And a chilly fall — and an early start to next winter — and beyond.
At least one Great Lakes ice researcher thinks the brutal winter of 2013-14 will lead to a colder-than-usual summer locally that could continue into a chilly fall and an early start to next winter — and beyond, according to the Detroit Free Press.
The reason? Heading into May, the Great Lakes combined remain 26% ice-covered, with Lake Superior still more than half-blanketed in ice. By comparison, at this time last spring the lakes were less than 2% covered with ice.
The remaining levels of ice cover are amazing, said Jia Wang, an ice climatologist at the National Oceanic and Atmospheric Administration’s Great Lakes Environmental Research Laboratory in Ann Arbor.
“This prolonged winter will affect summer temperatures. This summer will be cold, and then a cooler fall,” he said.
“All that sunlight that would normally heat up the water is just bouncing back up into space,” said Jay Austin, an associate professor at the University of Minnesota-Duluth’s Large Lakes Observatory.
Crippling start to shipping season
“The factories can’t do their work without coal to run their power plants,” says Captain Michael Davanzo in this video. “I do know that 79 percent of the iron ore that’s used in steel production in the United States comes out of Lake Superior. So when you close that waterway down, it has s significant impact on this economy.”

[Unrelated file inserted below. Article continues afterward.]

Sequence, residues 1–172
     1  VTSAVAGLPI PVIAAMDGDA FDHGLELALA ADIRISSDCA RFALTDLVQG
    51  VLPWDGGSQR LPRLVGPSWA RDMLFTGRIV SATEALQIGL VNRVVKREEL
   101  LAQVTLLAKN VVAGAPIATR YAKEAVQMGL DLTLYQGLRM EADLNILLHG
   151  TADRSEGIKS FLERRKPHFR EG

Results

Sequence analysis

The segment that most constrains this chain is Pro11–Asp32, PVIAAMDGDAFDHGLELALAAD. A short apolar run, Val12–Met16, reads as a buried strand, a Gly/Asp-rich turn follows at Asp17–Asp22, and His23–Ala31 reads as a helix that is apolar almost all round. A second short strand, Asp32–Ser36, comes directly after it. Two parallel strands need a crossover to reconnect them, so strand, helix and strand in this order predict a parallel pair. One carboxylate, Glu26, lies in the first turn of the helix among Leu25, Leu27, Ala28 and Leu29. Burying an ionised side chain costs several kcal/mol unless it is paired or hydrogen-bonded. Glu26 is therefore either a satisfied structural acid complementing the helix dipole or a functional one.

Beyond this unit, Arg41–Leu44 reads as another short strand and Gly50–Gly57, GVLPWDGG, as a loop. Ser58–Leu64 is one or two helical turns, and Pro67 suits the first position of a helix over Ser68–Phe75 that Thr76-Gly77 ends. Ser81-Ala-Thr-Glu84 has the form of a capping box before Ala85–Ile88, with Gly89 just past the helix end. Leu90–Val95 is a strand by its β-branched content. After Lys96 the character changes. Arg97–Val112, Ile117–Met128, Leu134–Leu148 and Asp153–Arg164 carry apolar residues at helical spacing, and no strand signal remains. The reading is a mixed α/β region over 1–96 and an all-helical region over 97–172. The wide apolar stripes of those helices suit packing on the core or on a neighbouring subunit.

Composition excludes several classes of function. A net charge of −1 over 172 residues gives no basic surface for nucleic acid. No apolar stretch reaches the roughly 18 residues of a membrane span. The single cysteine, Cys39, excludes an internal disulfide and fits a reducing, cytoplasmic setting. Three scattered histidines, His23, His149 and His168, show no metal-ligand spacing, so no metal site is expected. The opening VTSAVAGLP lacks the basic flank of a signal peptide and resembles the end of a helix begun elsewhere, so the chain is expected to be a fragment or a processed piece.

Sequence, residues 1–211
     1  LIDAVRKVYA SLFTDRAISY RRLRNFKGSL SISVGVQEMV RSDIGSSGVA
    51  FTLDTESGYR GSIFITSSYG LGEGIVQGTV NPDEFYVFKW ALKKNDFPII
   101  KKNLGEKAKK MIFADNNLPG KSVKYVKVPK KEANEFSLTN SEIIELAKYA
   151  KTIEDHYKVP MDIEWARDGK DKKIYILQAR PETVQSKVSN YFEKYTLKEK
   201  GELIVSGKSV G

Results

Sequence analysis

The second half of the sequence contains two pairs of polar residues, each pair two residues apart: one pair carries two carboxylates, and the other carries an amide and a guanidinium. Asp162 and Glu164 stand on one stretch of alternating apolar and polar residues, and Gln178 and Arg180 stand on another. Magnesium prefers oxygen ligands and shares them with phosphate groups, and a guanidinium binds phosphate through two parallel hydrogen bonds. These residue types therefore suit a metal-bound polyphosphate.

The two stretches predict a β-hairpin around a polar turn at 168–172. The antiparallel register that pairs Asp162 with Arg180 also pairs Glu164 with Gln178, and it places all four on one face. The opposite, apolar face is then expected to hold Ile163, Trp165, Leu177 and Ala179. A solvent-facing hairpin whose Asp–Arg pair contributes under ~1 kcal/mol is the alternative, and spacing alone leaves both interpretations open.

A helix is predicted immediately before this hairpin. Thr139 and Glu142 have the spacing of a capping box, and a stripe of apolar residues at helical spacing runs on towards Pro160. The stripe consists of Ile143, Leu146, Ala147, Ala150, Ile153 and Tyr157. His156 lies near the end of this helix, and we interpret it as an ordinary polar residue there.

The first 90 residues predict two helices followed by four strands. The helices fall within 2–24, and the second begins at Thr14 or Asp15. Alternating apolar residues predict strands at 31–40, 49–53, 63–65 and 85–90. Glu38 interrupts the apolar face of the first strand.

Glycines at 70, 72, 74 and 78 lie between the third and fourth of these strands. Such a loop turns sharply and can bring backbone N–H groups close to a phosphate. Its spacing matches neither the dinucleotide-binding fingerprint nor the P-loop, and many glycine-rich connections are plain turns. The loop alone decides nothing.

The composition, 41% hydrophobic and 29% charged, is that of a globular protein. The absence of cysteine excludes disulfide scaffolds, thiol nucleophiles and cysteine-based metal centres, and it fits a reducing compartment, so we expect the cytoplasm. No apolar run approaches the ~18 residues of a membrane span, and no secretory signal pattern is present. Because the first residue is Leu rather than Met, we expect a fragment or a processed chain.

“Eight Great Lakes states rely on movement in the Great Lakes shipping industry, both U.S. and Canada,” says Davanzo. “So if you look at the size, and the amount of people, that rely on the movement of ships around here, you begin to understand how integral and how important this is to everybody’s lives.”
The persistent ice led to “an absolutely crippling start to the shipping season,” said Glen Nekvasil, vice president of the Lake Carriers Association, a trade group representing Great Lakes cargo haulers.
Icebreakers are still escorting convoys of barges hauling iron ore, cement and other products through the ice-jammed lakes, he said.
Iron ore shipments in March were down 43% over last year.
Thanks to Greg for this link
“It is incredible that such news is suppressed,” says Greg. “Mention global cooling and most people are ready to send you to the “home”.